Salman Rushdie’s mother, who stabbed suspect Hadi Matar, says she will never speak to him again

The mother of the man accused of jumping on stage to attack author Salman Rushdie condemned her son on Sunday, saying he was responsible for his own actions and that his family would carry on “without him”.

Silvana Fardos was born a Muslim in Lebanon and has lived in the US for more than 25 years, she told the Daily Mail. She had never heard of Salman Rushdie before getting a frantic phone call from her daughter on Friday, she said.

“I’ve never read any of his books,” the 46-year-old told the newspaper. “I didn’t know such a writer even existed. I had no idea my son had ever read his book.”

Fardos said she was “shocked” by the news that her son, 24-year-old Hadi Matar, had been arrested after allegedly storming the stage at the Chautauqua Institution and stabbing Rushdie in the stomach and neck before being overpowered .

Rushdie, a 75-year-old British-Indian writer, has lived with a target on his back since he published in 1988 The Satanic Verses. The book outraged some Muslims, who resented the way Rushdie fictionalized aspects of Prophet Muhammad’s life.

Grand Ayatollah Ruhollah Khomeini, who was to die a year later, called on all Muslims – also known as a fatwa – to kill the author. After years in hiding and under a false identity, Rushdie relocated to New York and began appearing in public more frequently, increasingly with no security detail.

Immediately after Friday’s attack, Rushdie was taken to a hospital where he was put on a ventilator. (His condition has since improved significantly, according to people close to him.) Matar has been charged with attempted second-degree murder and second-degree assault. He has pleaded not guilty.

“I just can’t believe he was capable of something like that,” said Fardos, who works as a teacher and translator. “He was very calm, everyone loved him. Like I told the FBI, I won’t be talking to him again. He is responsible for his actions.”

Fardos noted that her son returned from a month-long trip to Lebanon in 2018 a changed person. When he was sent to live with his father, from whom Fardos divorced in 2004, he was unhappy. She thought he would return home motivated — “to finish school, graduate and get a job.”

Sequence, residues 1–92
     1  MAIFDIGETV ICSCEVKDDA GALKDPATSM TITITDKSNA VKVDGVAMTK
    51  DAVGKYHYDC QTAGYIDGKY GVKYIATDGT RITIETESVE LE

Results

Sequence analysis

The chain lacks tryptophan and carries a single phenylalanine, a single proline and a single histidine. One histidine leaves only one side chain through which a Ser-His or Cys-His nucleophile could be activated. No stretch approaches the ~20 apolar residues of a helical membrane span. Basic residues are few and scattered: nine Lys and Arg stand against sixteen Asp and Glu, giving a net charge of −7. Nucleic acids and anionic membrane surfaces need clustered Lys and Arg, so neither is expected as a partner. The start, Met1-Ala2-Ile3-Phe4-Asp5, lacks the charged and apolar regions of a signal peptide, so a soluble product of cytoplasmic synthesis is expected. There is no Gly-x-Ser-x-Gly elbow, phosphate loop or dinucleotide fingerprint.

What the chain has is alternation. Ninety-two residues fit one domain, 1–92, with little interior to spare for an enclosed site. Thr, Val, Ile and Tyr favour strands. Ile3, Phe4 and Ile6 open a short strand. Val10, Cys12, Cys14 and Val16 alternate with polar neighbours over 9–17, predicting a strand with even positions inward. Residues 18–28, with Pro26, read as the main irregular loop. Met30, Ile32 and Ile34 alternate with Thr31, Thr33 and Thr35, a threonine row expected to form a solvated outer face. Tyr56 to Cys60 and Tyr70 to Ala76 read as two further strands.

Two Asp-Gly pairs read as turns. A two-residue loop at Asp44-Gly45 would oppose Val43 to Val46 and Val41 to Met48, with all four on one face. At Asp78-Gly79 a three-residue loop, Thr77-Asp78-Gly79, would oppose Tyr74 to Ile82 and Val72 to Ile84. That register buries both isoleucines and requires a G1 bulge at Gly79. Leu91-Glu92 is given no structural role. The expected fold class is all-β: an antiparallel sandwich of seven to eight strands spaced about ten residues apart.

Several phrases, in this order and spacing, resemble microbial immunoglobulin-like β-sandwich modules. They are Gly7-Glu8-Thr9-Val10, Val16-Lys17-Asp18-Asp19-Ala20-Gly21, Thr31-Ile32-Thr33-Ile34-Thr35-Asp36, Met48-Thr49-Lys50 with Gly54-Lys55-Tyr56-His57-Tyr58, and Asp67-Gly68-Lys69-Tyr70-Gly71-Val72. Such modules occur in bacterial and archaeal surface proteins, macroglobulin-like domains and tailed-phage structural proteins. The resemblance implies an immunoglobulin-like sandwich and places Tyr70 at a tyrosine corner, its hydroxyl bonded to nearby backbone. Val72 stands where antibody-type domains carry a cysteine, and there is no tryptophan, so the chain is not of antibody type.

“But instead,” Fardos said, “he locked himself in the basement.” There, she said, he lived a nocturnal and isolated existence, cooking his own meals and hardly speaking to his mother or siblings. Although she said she had no idea what her son was doing down there, she felt his religious beliefs were becoming more radical.

“He once argued with me and asked why I encouraged him to pursue an education instead of focusing on religion,” said Fardos, who said she was not very political or religious. “He was angry that I didn’t introduce him to Islam at a young age.”

In recent months, however, Matar appeared to be trying to come back to life, she said. He’d started working at a marshalls and talked about going back to school to study cybersecurity, Fardos recalled. She was delighted.

Then FBI agents showed up at her home in Fairview, New Jersey. Now, she said, she wants to focus on her two younger children. “They’re upset, they’re shocked,” Fardos said Post. “All we can do is try to move on without him.”

Earlier Sunday, Rushdie’s son shared a statement on his father’s condition. “Though his life-altering injuries are severe, his usual buoyant and defiant sense of humor remains intact,” wrote Zafar Rushdie.

Rushdie’s agent told it The guard on Sunday that although the 75-year-old had been taken off a ventilator “was going in the right direction”, his injuries – 10 stab wounds to his neck, stomach, eye, chest and thigh – were “severe”. The road to recovery, the agent added, “is going to be long.”

In a statement on Sunday, US Secretary of State Antony Blinken struck a sharper tone than President Joe Biden’s comments the day before, which made no mention of Iranian policies or the fatwa on Rushdie’s head.

Blinken not only called the attack “abhorrent” and its celebration by state-backed Iranian media “abhorrent,” but directly accused the “malicious” Iranian state of inciting violence against Rushdie “for generations.”

“The United States and its partners will not waver in their resolve to confront these threats, using every appropriate means at our disposal,” Blinken said.

Separately, UK authorities announced the launch of an investigation into an online threat targeted at author JK Rowling, who had expressed disgust and sadness at news of Rushdie’s attack.

“Terrible news,” she posted on Twitter. “I’m feeling very ill right now. Let him be okay.”

In her replies, a user with the username @MeerAsifAziz1 wrote, “Don’t worry, you’re next.”

Until Sunday evening The New York Times reported, the tweet was deleted and @MeerAsifAziz1’s account was suspended. Salman Rushdie’s mother, who stabbed suspect Hadi Matar, says she will never speak to him again


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